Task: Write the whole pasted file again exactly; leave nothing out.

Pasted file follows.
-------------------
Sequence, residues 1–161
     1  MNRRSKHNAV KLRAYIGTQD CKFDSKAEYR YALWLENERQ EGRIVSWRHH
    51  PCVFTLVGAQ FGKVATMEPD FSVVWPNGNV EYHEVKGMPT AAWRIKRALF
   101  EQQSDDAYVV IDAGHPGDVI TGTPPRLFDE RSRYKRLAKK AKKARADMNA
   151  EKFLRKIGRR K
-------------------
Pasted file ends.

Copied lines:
Sequence, residues 1–161
     1  MNRRSKHNAV KLRAYIGTQD CKFDSKAEYR YALWLENERQ EGRIVSWRHH
    51  PCVFTLVGAQ FGKVATMEPD FSVVWPNGNV EYHEVKGMPT AAWRIKRALF
   101  EQQSDDAYVV IDAGHPGDVI TGTPPRLFDE RSRYKRLAKK AKKARADMNA
   151  EKFLRKIGRR K